• Peacekeeping

    AP’s new math declares Security Council as top contributor to Peacekeeping

    Briefly, in an article on UN peacekeeping titled UN says still trying to get peacekeeping right, the Associated Press’s John Heilprin writes that “U.N. figures show the 10 biggest troop-contributing nations to U.N.-mandated operations are the U.S., Pakistan, Bangladesh, Britain, India, Italy, Germany, France, Nigeria and Nepal.” This is completely false, unless perhaps the author includes the peacekeeping operations before the end of the Cold War, for which I have not analyzed the data. Even then, I doubt the author is correct. The article also fails to properly attribute failures in UN peacekeeping as it glosses over “controversies” while ignoring the underlying systemic problems. The top 10 “troop-contributing nations” look…

  • Peacekeeping,  Public Diplomacy

    Tom Barnett on the next generation of UN peacekeeping

    A subtle evolution of United Nations peacekeeping operations is underway. If the first of these missions kept an agreed-upon peace, and later missions sought to make peace, several countries now use these operations to advance their foreign and economic policy agendas, and raise their global profile. This shift, selective as it is to date, may potentially raise the standard of conduct in U.N. peacekeeping operations increasingly fraught with charges of criminal behavior, corruption, lack of accountability, and general ineffectiveness. However, there are significant downsides to this approach.

  • Peacekeeping,  Public Diplomacy

    UN Peacekeeping as Public Diplomacy

    Certain countries, China in particular but also potentially Brazil and India, are increasingly leveraging UN peacekeeping as an opportunity to engage local populations to further national interests.  China, for example, has followed through on its word to increase its UN activities to further its image as a responsible power and to create awareness and connections with individuals and countries alike.  At World Politics Review (subscription required), I have a short article that explores what may be the third transformation of UN peacekeeping.  From its inception as means to keep an agreed upon peace between two warring parties (hence the name), to peacemaking, some countries are using opportunities facilitated by wearing…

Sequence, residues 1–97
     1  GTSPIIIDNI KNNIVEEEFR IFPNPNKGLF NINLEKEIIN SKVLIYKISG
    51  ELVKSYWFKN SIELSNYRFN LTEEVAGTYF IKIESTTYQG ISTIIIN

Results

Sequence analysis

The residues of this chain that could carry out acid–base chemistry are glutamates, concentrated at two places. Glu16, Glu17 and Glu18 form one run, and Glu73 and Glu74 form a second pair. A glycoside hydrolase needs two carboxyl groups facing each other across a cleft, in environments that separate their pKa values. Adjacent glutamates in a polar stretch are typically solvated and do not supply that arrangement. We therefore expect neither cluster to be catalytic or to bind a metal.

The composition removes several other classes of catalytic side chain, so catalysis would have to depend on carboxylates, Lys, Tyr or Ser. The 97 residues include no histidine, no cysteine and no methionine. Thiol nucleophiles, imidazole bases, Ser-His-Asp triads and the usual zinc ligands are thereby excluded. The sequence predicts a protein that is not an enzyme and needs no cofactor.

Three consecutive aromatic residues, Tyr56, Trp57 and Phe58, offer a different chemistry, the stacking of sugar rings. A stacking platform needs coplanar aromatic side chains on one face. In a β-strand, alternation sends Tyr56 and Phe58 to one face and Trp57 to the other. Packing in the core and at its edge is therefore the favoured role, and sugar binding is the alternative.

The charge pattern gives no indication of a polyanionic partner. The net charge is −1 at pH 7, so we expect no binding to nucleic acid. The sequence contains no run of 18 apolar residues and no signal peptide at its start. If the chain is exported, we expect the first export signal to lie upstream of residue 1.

• In the News,  Peacekeeping,  Public Diplomacy

    U.N. Peacekeeping as Public Diplomacy

    U.N. Peacekeeping as Public Diplomacy by Matt Armstrong, 19 May 2010, in World Politics Review. A subtle evolution of United Nations peacekeeping operations is underway. If the first of these missions kept an agreed-upon peace, and later missions sought to make peace, several countries now use these operations to advance their foreign and economic policy agendas, and raise their global profile. This shift, selective as it is to date, may potentially raise the standard of conduct in U.N. peacekeeping operations increasingly fraught with charges of criminal behavior, corruption, lack of accountability, and general ineffectiveness. However, there are significant downsides to this approach. … These same conditions create opportunities to increase…

  • Peacekeeping,  Private Military Companies

    Beyond Government Accountability: a challenging look at Peacekeepers